PUBLISHED:November 13, 2015

Beskind, Coleman publish new Torts casebook

Professors Donald H. Beskind and Doriane Lambelet Coleman have authored a new casebook, Torts: Doctrine and Practice.

For several years, Beskind and Coleman have provided loose-leaf case materials to students in their first-year Torts classes. That approach has been well received, and they have built on it to produce a complete first-year text that is rigorous and matches the intellectual and analytical capabilities of their students.

Professor Dorianne Lamblet Coleman“The cases and materials we have included are designed primarily for extraction learning,” Coleman said. “That is, they are framed so that their doctrinal context is clear, but as with law practice, the rule and other relevant information are generally derived from careful reading and analysis of a set of materials.”

The book also reflects the way they teach Torts “in the context of the practice of law as well as the rules of civil procedure,” Beskind said, noting their preference for longer cases with richer explanation of the facts and more attention to the role of lawyers.  

“None of the books we saw in the marketplace did that. We hope ours grounds students in how the law actually works and not just what the law is.”

Beskind and Coleman self-published the book in collaboration with Duke University Press, enabling them to offer it at a much lower price than casebooks from traditional publishers. The book, which costs $60, is being sold through Duke University Stores.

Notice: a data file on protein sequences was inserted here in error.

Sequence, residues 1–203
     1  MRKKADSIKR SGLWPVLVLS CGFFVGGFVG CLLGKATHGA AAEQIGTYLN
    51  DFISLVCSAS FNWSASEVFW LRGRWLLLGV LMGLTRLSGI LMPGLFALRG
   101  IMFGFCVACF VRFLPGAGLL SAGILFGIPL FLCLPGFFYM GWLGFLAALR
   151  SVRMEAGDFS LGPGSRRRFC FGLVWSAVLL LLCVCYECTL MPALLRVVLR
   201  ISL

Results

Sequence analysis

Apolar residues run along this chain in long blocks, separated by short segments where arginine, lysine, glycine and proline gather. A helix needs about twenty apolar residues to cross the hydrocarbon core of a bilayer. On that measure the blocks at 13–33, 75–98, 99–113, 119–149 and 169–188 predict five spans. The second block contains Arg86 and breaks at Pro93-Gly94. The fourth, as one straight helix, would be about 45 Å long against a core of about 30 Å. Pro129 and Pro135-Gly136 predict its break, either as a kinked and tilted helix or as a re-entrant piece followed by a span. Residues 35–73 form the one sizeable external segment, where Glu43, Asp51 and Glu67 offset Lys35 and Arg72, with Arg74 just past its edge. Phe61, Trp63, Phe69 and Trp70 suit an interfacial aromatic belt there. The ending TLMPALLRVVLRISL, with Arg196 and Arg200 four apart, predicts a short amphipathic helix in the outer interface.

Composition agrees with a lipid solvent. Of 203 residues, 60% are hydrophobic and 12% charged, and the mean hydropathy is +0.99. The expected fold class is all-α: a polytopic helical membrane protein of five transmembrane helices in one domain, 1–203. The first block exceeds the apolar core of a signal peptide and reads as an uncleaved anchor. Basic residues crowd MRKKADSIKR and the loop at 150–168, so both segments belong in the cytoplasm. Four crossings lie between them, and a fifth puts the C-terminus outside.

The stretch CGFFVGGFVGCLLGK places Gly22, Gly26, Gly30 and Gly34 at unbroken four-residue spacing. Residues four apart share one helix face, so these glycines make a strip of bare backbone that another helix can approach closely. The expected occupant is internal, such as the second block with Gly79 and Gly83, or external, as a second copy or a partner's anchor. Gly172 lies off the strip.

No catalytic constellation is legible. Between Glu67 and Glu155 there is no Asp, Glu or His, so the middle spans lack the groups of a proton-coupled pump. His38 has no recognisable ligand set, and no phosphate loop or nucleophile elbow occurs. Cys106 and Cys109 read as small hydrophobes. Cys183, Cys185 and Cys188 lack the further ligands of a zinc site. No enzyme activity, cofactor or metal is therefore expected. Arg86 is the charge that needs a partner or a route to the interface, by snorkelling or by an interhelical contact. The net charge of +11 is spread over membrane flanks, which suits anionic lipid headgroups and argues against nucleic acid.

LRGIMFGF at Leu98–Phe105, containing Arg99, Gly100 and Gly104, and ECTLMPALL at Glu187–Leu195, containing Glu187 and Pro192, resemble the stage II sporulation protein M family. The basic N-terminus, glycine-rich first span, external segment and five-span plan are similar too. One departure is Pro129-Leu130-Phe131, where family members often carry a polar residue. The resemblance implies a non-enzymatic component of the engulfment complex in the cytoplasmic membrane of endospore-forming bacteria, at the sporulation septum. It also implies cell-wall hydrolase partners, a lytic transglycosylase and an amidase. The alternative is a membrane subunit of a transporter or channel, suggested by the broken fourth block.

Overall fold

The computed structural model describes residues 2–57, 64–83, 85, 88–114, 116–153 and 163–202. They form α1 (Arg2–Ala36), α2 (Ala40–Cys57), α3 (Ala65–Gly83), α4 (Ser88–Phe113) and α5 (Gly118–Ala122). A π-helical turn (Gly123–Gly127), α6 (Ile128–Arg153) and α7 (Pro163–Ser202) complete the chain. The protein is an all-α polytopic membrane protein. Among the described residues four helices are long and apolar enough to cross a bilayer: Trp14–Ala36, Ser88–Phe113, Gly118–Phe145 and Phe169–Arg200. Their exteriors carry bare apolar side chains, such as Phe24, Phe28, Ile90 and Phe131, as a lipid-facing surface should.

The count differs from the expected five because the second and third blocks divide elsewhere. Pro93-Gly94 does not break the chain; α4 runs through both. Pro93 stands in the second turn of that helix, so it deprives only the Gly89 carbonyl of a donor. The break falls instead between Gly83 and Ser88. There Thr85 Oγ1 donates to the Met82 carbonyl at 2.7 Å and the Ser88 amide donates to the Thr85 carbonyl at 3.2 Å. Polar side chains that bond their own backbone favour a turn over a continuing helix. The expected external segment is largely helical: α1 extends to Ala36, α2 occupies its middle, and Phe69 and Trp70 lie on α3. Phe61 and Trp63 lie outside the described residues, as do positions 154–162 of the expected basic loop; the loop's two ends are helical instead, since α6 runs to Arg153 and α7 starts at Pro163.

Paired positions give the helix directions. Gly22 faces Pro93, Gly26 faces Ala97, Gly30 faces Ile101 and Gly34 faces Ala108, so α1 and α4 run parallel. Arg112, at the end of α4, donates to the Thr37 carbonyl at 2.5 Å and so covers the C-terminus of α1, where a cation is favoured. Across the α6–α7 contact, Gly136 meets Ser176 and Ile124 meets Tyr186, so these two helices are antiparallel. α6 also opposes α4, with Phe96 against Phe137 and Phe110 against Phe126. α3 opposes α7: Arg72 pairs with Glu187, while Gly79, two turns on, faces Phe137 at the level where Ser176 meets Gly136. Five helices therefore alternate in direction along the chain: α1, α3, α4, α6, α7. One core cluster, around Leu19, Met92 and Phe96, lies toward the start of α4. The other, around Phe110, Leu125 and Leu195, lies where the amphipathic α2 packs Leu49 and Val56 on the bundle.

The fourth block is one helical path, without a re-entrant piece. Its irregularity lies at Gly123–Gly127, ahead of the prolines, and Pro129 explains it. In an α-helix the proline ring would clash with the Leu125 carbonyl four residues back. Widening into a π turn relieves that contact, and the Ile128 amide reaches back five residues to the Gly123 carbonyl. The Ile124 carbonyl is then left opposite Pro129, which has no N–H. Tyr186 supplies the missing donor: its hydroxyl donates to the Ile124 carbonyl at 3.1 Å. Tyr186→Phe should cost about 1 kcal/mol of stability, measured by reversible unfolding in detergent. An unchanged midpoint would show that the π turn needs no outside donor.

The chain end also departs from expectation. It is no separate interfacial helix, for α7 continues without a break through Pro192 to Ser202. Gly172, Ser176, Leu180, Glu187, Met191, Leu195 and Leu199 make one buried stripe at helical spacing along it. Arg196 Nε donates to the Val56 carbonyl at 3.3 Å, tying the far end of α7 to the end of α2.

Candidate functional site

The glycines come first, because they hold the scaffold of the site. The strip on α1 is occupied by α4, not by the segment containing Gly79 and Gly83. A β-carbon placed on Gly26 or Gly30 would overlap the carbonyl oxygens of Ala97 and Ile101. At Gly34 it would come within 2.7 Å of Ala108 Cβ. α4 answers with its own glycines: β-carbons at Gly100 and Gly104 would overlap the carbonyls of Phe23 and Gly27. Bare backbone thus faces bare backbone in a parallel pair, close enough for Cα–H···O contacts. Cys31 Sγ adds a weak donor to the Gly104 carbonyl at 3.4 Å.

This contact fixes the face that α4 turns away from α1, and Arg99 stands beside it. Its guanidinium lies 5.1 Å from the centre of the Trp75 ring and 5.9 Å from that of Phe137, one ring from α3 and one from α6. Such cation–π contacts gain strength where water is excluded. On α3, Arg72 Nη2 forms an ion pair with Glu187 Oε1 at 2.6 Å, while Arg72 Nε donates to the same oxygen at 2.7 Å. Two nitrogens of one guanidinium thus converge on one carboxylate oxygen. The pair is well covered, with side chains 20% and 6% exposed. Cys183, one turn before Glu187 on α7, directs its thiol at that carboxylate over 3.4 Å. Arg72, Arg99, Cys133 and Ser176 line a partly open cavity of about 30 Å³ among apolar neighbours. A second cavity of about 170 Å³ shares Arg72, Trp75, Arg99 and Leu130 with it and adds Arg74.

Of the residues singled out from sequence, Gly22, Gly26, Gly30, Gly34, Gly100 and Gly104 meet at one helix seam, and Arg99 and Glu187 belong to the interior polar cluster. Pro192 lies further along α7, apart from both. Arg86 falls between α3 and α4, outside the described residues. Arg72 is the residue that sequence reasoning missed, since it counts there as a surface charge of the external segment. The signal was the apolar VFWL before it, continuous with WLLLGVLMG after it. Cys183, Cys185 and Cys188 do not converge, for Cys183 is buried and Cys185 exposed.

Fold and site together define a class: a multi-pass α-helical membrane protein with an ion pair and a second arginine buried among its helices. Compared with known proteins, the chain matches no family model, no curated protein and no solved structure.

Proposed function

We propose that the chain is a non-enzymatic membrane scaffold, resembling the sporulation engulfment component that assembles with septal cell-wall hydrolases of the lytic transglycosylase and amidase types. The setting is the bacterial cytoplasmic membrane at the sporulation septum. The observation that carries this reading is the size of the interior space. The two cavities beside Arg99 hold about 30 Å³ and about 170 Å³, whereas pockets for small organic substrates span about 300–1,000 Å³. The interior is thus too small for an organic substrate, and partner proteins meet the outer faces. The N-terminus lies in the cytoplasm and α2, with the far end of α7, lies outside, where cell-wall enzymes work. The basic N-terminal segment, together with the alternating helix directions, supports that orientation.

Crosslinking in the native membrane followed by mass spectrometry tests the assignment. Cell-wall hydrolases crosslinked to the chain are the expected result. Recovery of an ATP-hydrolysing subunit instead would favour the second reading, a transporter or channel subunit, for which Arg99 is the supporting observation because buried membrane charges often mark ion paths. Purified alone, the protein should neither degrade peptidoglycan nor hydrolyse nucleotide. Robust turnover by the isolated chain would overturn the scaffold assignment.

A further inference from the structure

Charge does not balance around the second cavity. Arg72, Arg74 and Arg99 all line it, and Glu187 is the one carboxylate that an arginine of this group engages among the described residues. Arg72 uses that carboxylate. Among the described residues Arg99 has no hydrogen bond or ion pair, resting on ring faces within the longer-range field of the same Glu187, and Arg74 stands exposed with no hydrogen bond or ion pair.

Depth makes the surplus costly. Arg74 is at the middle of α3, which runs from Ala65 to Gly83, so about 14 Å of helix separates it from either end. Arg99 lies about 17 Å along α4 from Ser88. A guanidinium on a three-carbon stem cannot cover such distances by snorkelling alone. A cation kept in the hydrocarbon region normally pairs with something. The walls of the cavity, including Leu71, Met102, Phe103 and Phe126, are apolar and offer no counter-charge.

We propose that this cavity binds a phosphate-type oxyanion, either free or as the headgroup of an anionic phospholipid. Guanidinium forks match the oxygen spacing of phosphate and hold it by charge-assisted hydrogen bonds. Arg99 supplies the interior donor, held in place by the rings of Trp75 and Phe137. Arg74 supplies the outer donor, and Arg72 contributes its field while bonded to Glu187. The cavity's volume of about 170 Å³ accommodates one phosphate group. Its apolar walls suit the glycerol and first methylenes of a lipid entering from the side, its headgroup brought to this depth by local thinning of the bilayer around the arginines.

Professor Donald Beskind“That’s one quarter the cost of a typical textbook in Torts,” Beskind said. “It’s our little part to bring down the cost of legal education for students.”

Nancy Hoagland, director of editing, design, and production at Duke University Press, said a project aimed at getting lower-priced books on the market “is a great thing to bring to a non-profit organization.”

Despite having never worked with authors in this way (and having never before published a law casebook), the press was able to take advantage of digital printing technology to accommodate the need for a small print run and quick turnaround. “Five years ago, we couldn’t have done this,” she said.

And while there are still good reasons to work with traditional textbook or law publishers, Coleman said, including access to their editing resources and marketing and sales infrastructure, she hopes the success of their project will encourage other faculty members to consider taking a similar approach to self-publishing with the press.

“I love the idea of working intra-Duke,” she said. “It’s always just enriching to meet and to collaborate with people from other branches of the university.”